Food was on the mind this week, with reports from several continents on how issues of agriculture and land tenure impact security.
Wired’s Danger Room continues to follow U.S. Army Agribusiness Development Teams (ADTs), which are getting their hands dirty in Afghanistan helping local farmers build sustainable livelihoods. Leveraging years of experience in the American Midwest, National Guardsmen are traveling around north-central Afghanistan, teaching locals about the entire agricultural cycle, from crop selection to planting techniques and marketing strategies. "The ADT's efforts as well as stopping crop eradication and increasing interdiction are all part of an important policy shift by the U.S. government," according to Richard Holbrooke. Secure food supplies and surpluses will help stabilize economic and political conditions, but many hurdles remain.
The roads used by ADTs are still vulnerable to IED attack, and Afghan participation has been limited by telecommunications infrastructure deficiencies and programmatic restrictions that require households to have an email address.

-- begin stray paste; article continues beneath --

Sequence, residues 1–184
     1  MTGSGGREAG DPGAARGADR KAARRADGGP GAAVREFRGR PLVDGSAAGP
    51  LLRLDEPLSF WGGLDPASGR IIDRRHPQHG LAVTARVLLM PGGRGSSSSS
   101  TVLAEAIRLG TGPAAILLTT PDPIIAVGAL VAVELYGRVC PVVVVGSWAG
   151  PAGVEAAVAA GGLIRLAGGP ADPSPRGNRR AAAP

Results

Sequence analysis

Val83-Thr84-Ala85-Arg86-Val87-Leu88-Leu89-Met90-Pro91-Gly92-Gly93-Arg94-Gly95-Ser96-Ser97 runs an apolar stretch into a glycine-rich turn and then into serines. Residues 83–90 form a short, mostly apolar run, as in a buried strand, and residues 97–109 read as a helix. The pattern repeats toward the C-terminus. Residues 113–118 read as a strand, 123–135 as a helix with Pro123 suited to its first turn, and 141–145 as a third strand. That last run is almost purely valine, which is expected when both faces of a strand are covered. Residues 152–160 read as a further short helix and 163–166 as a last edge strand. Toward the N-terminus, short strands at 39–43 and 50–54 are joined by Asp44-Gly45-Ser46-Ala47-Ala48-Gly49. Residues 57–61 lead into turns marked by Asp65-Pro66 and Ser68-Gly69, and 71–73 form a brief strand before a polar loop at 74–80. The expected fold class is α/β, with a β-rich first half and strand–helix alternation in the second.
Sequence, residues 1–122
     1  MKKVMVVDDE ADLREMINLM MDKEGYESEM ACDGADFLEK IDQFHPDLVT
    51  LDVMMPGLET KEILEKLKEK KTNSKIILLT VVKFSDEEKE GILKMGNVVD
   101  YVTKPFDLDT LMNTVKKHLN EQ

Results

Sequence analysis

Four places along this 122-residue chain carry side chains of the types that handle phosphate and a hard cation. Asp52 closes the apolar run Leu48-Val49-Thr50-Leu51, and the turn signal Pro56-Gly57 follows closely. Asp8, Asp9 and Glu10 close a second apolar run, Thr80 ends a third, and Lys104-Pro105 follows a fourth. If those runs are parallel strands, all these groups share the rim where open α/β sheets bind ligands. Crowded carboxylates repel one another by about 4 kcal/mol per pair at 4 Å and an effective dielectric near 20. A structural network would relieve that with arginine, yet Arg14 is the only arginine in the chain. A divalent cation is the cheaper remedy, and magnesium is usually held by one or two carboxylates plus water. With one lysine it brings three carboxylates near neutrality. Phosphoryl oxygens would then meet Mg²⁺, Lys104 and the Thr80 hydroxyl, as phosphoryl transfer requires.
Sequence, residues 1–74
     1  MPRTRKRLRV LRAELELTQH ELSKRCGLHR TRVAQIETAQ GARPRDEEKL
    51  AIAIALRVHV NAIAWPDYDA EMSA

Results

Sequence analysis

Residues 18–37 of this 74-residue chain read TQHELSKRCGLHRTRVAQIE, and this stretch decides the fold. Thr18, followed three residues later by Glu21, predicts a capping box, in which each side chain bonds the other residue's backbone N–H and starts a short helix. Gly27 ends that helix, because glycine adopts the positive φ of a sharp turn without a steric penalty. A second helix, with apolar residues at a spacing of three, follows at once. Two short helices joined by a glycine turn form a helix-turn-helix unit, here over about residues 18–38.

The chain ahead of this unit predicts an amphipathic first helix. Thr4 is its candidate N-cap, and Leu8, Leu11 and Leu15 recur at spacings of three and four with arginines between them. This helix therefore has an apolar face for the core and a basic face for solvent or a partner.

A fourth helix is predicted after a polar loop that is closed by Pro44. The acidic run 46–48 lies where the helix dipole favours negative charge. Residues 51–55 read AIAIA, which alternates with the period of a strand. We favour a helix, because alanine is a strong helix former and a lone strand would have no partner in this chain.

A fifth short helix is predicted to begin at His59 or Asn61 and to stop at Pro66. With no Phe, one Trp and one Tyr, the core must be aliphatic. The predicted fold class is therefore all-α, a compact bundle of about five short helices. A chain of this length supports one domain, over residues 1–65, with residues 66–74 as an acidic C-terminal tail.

In Nigeria, there may be a bit more stability when it comes to food, but perhaps not for long. The Washington Post reported on Tuesday that the country balances on a razor’s edge—just minimal seasonal variation in rainfall could ravage food production and throw the region into turmoil. The problem lies in Nigeria’s vastly underdeveloped agricultural industry, which was abandoned in the 1970s when surveyors found oil off its coast. Since then, the government has invested heavily in an energy industry and turned to neighbors to supply food. But should even a minor drought set in, those neighbors may not have enough rice and wheat to export, leaving the fate of millions of Nigerians open-ended, reports NewsHour with Jim Lehrer.
Back in the United States, the Green, Inc. blog at The New York Times took a look at the relationship between energy, the environment, and food and concludes, quite aptly, that something like an unholy trinity is emerging, at least when inefficient biofuels like corn-based ethanol are thrown into the mix. The environment may catch a break from greenhouse gas emissions by pursuing a corn-based ethanol strategy, but only with disastrous implications for world food prices. Even so, proponents of new strains of genetically modified plants for “second-generation biofuel” usage seem to have forgotten the tumult of worldwide food riots in 2007 and 2008. Moving forward in the biofuel debate will require countries to prioritize climate change and food supply as national security concerns.